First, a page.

How biodegradable is bamboo?

A facebook post of someone proudly holding up a bamboo toothbrush, it had come out of their compost bin, the owner held it up "they don't break down as quickly as some people hope" he says. It had been in the composter for about 9 months and apart from looking a tiny bit dirty, you could still tell it was a toothbrush. 

Bamboo's strength is it's virtue 

Bamboo is such a tough material, it's a great choice for an object that you use everyday for 3-4 months. It is naturally antibacterial and dries quickly, so it's only logical that the material resists natural decompostion. 

Why compost something that can have uses when it's toothbrushing job has come to an end?

Bamboo toothbrushes in the garden

Gardeners always have uses for a toothbrush sized stick, or even a toothbrush with the bristles on. 

Very useful as a dibber, for weeding, pricking out (shave the end to more of a point), potting on, they are strong enough to support small plants - you can write on them so they make fantastic plant labels and row markers. Why not paint it and varnish it for longer lasting labels you can use again and again? 

Most old plastic toothbrushes could also live out their days in these useful ways, why throw something into landfill when it's still useful? Steralise before use by boiling in water for 3 minutes.

Bamboo kindling

A quick downward stroke with a sharp blade (taking care obviously) and your tiny nylon bristles are removed for most tasks. However, for burning it is better to pluck them out with pliers ready to use for kindling.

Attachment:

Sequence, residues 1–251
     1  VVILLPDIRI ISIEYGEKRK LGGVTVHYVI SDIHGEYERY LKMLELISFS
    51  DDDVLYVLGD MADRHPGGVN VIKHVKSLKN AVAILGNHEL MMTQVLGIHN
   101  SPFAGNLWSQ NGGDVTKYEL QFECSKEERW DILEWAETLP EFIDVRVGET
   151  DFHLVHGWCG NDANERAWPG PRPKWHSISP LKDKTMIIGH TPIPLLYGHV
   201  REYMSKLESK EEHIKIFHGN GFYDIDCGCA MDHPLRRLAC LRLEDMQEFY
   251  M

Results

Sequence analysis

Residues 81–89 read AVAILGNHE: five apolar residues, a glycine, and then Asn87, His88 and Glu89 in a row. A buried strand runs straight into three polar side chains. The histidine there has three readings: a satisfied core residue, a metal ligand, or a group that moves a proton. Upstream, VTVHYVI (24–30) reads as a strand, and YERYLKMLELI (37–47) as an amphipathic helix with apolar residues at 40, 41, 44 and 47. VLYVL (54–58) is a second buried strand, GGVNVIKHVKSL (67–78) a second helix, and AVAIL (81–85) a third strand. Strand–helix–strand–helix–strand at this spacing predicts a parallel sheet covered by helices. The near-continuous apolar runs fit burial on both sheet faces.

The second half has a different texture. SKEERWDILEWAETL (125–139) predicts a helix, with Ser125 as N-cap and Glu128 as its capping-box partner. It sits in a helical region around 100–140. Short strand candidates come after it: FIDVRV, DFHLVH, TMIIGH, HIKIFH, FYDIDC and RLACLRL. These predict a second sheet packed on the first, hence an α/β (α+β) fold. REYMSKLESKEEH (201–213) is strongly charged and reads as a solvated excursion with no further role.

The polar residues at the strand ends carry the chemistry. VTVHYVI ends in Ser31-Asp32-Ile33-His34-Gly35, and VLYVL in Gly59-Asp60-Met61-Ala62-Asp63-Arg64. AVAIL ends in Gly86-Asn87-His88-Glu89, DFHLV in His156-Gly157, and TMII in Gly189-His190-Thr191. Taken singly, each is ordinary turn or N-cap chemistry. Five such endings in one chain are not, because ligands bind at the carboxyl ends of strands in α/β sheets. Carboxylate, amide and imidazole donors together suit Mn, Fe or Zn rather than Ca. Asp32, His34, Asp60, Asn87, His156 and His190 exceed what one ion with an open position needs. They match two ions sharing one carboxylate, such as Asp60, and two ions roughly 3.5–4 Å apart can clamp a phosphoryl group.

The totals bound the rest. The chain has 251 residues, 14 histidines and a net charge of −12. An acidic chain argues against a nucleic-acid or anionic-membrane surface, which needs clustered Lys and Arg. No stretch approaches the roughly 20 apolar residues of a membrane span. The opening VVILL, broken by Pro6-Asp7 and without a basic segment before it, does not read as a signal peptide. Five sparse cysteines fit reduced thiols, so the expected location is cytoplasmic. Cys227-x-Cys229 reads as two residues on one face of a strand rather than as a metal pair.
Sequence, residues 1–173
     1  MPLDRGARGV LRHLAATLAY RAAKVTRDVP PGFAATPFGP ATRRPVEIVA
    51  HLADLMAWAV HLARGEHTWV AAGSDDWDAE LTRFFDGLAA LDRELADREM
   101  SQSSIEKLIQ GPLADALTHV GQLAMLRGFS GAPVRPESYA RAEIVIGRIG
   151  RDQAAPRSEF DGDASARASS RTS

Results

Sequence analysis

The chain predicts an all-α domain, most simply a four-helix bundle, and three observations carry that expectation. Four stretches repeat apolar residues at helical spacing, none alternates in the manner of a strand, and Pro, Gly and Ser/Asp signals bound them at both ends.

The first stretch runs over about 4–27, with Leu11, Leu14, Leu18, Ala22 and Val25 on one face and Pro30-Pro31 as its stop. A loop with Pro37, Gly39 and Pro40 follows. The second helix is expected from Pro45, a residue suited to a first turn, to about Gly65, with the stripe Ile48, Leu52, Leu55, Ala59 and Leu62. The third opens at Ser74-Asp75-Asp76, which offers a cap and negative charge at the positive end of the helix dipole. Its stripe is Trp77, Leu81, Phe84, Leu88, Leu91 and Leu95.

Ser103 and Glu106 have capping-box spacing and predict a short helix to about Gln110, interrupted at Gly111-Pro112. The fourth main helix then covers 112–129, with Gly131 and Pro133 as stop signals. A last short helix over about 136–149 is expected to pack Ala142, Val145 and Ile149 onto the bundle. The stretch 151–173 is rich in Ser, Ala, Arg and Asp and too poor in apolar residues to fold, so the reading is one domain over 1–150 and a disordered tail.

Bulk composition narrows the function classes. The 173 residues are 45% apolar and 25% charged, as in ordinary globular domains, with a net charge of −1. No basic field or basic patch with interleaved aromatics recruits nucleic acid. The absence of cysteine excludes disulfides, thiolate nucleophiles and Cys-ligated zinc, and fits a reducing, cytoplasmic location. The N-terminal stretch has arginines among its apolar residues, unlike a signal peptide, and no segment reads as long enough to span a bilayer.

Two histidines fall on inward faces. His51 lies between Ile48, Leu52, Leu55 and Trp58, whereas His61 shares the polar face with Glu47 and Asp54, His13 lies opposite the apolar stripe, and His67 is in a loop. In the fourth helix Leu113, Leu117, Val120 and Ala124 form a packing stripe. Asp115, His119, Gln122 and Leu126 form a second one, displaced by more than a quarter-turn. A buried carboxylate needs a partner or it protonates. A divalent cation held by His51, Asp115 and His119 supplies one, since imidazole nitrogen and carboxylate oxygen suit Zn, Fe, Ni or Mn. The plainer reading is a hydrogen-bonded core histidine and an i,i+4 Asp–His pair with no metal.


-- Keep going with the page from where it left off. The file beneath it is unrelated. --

Bamboo compost

So just how long does it take for a bamboo toothbrush to biodegrade, and are they a good alternative to single use plastic toothbrushes?

Different ways to compost a bamboo toothbrush

The temperature makes a difference, so if you compost at home it takes longer than an industrial composter but the bamboo toothbrush will break down eventually. 

Just add it to your compost bin, like other sticks and twigs, chop up, sieve out and re-add to the bin until it's become compost to use on your garden. About 2 years

Added to your food waste bin, about 3 months.

Left to the elements, about 10 years.

So is it worth it? 

To put it into perspective, it takes over 400 years for a plastic toothbrush to break down, so even a couple of years to decompose is a blink in the eye compared to plastic in landfill.